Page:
Monday, February 4, 2013

Christian Theology in a Thumbnail (17): Predestination/Election/Providence




Predestination/Election/Providence (PEP) are not synonymous terms but do converge in that each of them deal with the relation of divine action and human action.  Election is the primary term biblically but predestination is what most people usually call this issue.  I call it PEP here.

Three observations about the relation of divine and human action to get us started.  First, PEP is not fatalism, what will be will be (a pagan Greek doctrine often confused with it).  PEP has nothing to do with a pre-scripted history that unfolds as foretold and cannot be changed.  Rid your minds of this notion if you hope to understand PEP. 

Second, God’s thoughts and ways are not our thoughts and ways:  Just because we cannot imagine how God’s sovereignty and human freedom can both be real without one canceling out or one overriding the other does not mean God cannot manage it!

Third, the relation of divine and human action in PEP is asymmetrical.  Divine action is prior and primary, human action responsive to divine action.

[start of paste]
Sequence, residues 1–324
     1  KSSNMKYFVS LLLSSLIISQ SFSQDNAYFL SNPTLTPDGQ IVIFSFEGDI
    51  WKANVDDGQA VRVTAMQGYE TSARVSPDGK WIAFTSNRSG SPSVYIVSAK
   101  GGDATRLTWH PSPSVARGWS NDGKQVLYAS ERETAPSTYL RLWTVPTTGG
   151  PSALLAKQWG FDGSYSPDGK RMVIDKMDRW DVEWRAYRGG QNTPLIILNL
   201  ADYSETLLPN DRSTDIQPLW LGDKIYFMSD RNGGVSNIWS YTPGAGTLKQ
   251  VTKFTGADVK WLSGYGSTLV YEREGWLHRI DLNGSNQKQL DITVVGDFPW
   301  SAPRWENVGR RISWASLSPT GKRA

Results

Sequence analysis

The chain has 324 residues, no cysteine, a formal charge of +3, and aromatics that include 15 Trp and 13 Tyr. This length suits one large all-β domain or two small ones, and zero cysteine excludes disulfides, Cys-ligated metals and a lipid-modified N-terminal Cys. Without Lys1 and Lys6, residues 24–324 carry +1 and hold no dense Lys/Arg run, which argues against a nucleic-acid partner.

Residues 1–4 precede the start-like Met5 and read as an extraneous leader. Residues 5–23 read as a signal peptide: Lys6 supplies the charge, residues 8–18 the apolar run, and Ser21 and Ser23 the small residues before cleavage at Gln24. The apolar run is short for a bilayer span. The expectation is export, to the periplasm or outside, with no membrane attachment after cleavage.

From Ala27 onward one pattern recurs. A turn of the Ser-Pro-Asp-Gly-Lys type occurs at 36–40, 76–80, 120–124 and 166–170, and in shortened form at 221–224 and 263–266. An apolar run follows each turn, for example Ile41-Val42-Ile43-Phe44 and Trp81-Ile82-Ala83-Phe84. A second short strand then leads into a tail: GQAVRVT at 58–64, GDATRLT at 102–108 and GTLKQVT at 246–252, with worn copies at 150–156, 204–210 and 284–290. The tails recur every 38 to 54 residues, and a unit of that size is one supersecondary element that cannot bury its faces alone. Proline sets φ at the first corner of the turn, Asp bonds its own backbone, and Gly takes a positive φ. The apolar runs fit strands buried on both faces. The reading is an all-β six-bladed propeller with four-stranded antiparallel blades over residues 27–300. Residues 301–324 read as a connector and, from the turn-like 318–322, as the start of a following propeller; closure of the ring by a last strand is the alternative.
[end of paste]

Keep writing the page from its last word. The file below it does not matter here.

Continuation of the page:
I have five rules for understanding PEP:

1.    PEP is the most radical way we have to say “grace.”

From creation to consummation and at every step in between the Bible affirms and proclaims that God acts first in gracious, creative, and generative ways towards us.

2.    PEP is the most radical way we have to say “love.”

God is for us.  From all eternity God has determined to be for us, not against us.  What God is himself – an eternal communion of love given and returned between the Father and the Son in the Spirit – he is toward us. 

3.    PEP means “victory/justice.”

God will prevail.  Somehow and in some way God will take this tale which so often seems “told by idiot, full of sound and fury signifying nothing” (Shakespeare, Macbeth) and bring it a fitting and flourishing end.  All things will be set right, judgment (however we envision it) will be executed, and shalom will reign throughout the ages of ages.

4.    PEP means “gratitude.”

Our lives are gifts, received with gratitude and lived with thanksgiving and generosity.  The primal human response to God is to say “thanks” (instead of the “You’re not the boss of me” our first parents offered their creator). 

5.    PEP means the “courage to live by the cross.”

All of this means that when the rubber hits the road we can and will “take up our cross” and follow Jesus wherever he goes and whatever he asks us to do.

          Karl Barth calls the doctrine of election “the sum of the gospel”!  As such it ought to inform and undergird all we are and do.  I hope some of my observations and rules help us recover the substance and vitality of this often wrongly maligned central truth of the Bible.   

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